ITHACA, N.Y. – Following the death of an incoming Cornell student who drowned in Fall Creek nearly two weeks ago, students and other visitors of Ithaca’s well-known gorges are reminded to take safety precautions and read the signs surrounding the natural areas before swimming or hiking.
After a five-hour search on August 5, New York State Police divers recovered Winston Perez-Ventura, who entered the area above Ithaca Falls to swim, but did not resurface, according to reports.
In a release following the tragedy, Acting Chief Pete Tyler said, “the Ithaca gorges are so, so beautiful but they can be very dangerous if folks don’t obey the posted signs. I encourage everyone to please, please follow the posted signs on the gorge trails, especially those that prohibit trespassing and swimming. The signs are in place for no other reason than to keep folks safe when they enter our gorges.”
Lt. Tom Basher of the Ithaca Fire Department confirmed that the area where Perez-Ventura entered the water to swim was accessed by a popular abandoned waterway, commonly known as Ezra’s Tunnel.
“I believe the original purpose of the tunnel was to divert water to the gun factory,” Basher said. “It’s been in existence for a long time.”
The City of Ithaca, in conjunction with Cornell University and local law enforcement agencies, has been considering restricting access to the tunnel, a discussion which has been ongoing, according to Ithaca’s Chief of Staff Dan Cogan.
“With the recent death of the Cornell student, there is renewed interest in doing something sooner rather than later, especially now with students coming in,” Cogan said. “At the same time, people do realize it is pretty cool to go there and see it, so we may be taking away people’s experience of Ithaca by not being able to go there.”
Cogan said the key in coming to a solution would be finding a balance in safety and letting people make their own decisions.
Basher said in the summer months, the fire department puts out messages every few weeks and also releases regular warnings throughout the seasons.
“You’re just talking about a massive population of people and it’s impossbile to reach everybody,” he said. “If people have just read the warning signs – it’s a beautiful area, but there are places to go where lifeguards are available with safe swimming conditions.”
Common Council member Josephine Martell said there has been extensive signage installed on Willard Way, the road which leads to Ezra’s Tunnel, but are often no help when averting gorge visitors.
“We regularly install signs up by Willard Way, but they are repeatedly vandalized and removed,” Martell said. “The city is in discussion with Cornell about jointly exploring the possibility of closing off the tunnel, but it really comes down to the funds.”
Basher said many falls in the area, including Ithaca Falls, have a re-circulation which creates a boil where people often get caught. Due to the old-age of the gorges and waterfalls, he said the rocks, which have been pounded by water for hundreds of years, are typically jagged in shape.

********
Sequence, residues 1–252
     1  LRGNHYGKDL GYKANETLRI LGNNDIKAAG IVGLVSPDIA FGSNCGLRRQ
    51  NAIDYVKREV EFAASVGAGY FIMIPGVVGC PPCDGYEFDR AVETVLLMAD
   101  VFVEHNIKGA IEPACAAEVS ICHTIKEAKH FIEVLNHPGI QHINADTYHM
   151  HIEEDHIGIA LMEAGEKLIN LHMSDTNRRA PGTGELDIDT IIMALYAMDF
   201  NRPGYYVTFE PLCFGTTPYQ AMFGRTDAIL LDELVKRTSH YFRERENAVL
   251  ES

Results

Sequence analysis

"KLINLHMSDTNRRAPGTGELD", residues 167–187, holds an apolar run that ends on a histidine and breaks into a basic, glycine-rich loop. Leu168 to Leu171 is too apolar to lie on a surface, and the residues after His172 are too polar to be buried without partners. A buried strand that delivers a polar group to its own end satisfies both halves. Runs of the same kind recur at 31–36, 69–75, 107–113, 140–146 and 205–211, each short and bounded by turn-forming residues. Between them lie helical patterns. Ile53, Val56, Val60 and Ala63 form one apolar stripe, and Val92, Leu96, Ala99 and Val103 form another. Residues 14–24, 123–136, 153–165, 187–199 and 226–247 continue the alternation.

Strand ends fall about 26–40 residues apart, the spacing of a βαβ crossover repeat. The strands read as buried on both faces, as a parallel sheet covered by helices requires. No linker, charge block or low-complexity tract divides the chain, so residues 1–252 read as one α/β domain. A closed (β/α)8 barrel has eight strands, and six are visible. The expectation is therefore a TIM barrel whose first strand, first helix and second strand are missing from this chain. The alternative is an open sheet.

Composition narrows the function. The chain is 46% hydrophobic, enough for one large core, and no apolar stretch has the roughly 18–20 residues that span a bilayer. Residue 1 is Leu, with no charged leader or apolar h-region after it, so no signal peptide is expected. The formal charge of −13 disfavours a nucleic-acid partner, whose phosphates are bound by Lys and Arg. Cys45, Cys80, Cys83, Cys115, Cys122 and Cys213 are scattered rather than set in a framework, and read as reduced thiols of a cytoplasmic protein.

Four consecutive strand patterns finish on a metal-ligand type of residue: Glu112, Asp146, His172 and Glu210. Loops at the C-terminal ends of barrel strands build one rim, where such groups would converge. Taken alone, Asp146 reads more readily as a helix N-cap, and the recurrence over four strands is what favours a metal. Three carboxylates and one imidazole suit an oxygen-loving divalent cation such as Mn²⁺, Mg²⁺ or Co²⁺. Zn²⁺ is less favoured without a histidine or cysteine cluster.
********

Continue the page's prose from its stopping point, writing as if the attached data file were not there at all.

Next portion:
“You might go into the hole at the top, but it’s not typically straight,” Basher said. “It’s often shaped like a comma, where people might get pulled under and then stuck beneath the rock – things loosen up in the winter months too, but every area has its own dangers and hazards.”
Closing off the tunnel may be a difficult task to navigate with public safety officials in mind, according to Common Council member Graham Kerslick. Kerslick, who is also a member of the gorge safety task force, said the tunnel also acts as an access way for gorge rescuers.
“It’s also an issue of endangering the lives of other people from emergency services,” Kerslick said. “Even if there aren’t deaths, if people get trapped, that requires emergency services to go in there to rescue these people.”
Basher, who said people would find their way to the falls with or without the tunnel, also said it was necessary to keep an open passageway for public safety officials to be able to make it to the falls in case of emergency in a necessary gorge rescue. Closing the tunnel off may restrict that, he said.
Currently, discussion regarding the future of the tunnel is still ongoing within the city. Colgan said Cornell is currently coming up with an estimate of what resticting the tunnel with a fence migh cost the city.
“Once Common Council gets those, the discussions will continue,” he said “Things like where the money might come from, whether it comes from city budget or Cornell or outside donors, and then we will have to have some kind of approval.”
While Martell, Colgan, Basher and Kerslick all spoke separately on the issue of Ezra’s Tunnel, the four all agreed on one thing: while the falls may be a danger for those unfamiliar with their deadly capabilities, they are still a natural beauty within the local community. While Cornell and the city want to encourage access to these places, some members are finding places like Ezra’s Tunnel pose significantly more danger to visitors than other nearby waterfalls.
“I wouldn’t use the word liability to describe the falls,” Basher said. “I will say that things that appear tranqil and calm are not always so, but I consider these falls a treasure.”